In Denver, Boulder, and Colorado Springs, restaurants tend to close no later than 10pm during the week and 11pm on weekends, although there are exceptions. Tipping is standard for the U.S. at 15% to 20%.
Local delicacies include Rocky Mountain oysters (yes, they are deep-fried bull’s testicles), Mexican fare, beef, and game. Boulder is on the forefront of numerous culinary trends, namely vegetarian, “localvore,” and organic, as are Denver and Colorado Springs, although to a lesser degree. The farm-to-table movement helped earn Boulder the title of “America's Foodiest Town” from Bon Appetit magazine in 2010, thanks to its status as a hub for the natural-foods industry, its farmer's market, and its dynamic dining landscape. Likewise, Denver and Colorado Springs culinary scenes have taken major steps forward in recent years.
Then there's the suds: Denver and the surrounding area have been dubbed “the Napa Valley of beer,” and with good reason. Home to numerous microbreweries and brewpubs, the Mile High City plays host to the Great American Beer Festival, the world's largest beer festival, every September. It also brews more beer per capita than any other city in the country (and that's not counting Coors in nearby Golden) and ranks second in terms of total breweries. In LoDo (Lower Downtown), the landmark Wynkoop Brewing Company is the largest brewpub in the nation, and its founder, John Hickenlooper, went on to become mayor of Denver en route to the governor's office.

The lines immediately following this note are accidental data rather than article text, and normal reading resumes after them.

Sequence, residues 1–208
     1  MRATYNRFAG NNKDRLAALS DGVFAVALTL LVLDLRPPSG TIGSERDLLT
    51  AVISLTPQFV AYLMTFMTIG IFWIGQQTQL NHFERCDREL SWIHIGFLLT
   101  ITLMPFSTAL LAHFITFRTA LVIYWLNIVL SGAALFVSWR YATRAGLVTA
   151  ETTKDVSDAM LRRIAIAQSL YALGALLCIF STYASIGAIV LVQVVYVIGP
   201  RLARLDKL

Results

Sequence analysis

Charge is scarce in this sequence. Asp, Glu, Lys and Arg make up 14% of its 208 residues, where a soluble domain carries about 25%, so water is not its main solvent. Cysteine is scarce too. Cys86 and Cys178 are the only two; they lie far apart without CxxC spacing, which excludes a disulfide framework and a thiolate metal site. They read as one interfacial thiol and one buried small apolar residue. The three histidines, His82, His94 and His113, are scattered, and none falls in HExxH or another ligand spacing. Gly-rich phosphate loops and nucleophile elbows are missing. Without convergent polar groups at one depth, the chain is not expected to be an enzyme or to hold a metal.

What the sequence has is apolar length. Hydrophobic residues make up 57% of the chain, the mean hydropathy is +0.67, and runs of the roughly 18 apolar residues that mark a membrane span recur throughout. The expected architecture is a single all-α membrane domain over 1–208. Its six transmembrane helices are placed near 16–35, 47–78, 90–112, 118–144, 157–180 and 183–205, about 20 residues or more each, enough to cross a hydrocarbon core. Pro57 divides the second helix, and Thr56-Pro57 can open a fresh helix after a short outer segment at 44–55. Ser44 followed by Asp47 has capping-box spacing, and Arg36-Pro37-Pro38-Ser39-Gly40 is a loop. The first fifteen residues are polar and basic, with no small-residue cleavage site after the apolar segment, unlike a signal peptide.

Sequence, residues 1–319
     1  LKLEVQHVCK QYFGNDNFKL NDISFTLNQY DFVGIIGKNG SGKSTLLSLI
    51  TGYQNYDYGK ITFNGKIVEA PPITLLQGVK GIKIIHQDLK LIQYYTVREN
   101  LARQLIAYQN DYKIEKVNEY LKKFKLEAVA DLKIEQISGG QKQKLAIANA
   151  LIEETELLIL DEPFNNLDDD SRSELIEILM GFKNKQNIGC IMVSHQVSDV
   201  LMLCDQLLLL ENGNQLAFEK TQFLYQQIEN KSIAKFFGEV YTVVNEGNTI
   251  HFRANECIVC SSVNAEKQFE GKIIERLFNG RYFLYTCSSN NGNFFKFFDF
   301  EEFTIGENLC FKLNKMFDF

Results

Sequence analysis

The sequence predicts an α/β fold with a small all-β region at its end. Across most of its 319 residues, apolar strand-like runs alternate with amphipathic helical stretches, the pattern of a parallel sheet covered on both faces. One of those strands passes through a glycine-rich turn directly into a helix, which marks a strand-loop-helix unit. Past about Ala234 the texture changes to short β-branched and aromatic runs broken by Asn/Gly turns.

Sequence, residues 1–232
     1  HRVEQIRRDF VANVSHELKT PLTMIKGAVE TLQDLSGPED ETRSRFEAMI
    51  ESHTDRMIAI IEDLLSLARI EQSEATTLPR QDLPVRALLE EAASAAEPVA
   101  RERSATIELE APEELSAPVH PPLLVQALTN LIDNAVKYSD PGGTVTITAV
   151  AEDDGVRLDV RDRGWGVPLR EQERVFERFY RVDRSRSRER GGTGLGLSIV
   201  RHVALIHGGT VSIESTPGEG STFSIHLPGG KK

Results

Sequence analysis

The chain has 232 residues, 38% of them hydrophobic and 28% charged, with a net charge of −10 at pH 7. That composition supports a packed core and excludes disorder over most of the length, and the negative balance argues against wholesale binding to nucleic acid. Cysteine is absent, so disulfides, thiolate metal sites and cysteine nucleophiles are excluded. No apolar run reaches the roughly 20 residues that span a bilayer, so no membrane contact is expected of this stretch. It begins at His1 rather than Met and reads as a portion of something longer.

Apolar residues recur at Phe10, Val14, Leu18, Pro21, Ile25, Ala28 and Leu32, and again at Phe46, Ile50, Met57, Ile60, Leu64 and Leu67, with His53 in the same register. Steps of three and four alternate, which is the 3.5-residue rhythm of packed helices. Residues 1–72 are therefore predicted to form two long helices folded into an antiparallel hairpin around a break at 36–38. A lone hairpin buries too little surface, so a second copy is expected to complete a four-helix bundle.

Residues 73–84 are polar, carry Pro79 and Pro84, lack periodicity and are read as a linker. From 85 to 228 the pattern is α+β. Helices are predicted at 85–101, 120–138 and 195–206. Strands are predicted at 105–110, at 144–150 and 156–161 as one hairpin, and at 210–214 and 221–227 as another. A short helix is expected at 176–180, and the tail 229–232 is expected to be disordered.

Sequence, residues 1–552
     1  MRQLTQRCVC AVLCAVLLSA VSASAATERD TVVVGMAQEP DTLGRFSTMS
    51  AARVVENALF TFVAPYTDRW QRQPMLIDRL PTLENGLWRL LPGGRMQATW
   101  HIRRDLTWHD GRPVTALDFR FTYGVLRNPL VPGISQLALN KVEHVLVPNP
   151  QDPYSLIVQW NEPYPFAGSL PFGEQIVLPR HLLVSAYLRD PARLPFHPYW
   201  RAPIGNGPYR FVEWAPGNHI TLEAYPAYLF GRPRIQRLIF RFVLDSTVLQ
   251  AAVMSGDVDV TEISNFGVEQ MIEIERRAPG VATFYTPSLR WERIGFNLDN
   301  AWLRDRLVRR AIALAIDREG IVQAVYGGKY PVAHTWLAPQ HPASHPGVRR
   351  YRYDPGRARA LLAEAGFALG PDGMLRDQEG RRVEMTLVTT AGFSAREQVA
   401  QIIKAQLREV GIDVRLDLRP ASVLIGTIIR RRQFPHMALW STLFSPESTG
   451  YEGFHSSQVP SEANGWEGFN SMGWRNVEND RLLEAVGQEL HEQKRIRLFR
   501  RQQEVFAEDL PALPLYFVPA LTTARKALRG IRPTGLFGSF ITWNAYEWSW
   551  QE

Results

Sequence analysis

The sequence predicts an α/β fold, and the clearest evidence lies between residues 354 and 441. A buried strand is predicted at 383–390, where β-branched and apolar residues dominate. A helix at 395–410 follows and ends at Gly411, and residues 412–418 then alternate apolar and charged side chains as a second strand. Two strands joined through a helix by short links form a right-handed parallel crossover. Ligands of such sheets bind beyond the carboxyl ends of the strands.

Note: This information was accurate when it was published, but can change without notice. Please be sure to confirm all rates and details directly with the companies in question before planning your trip.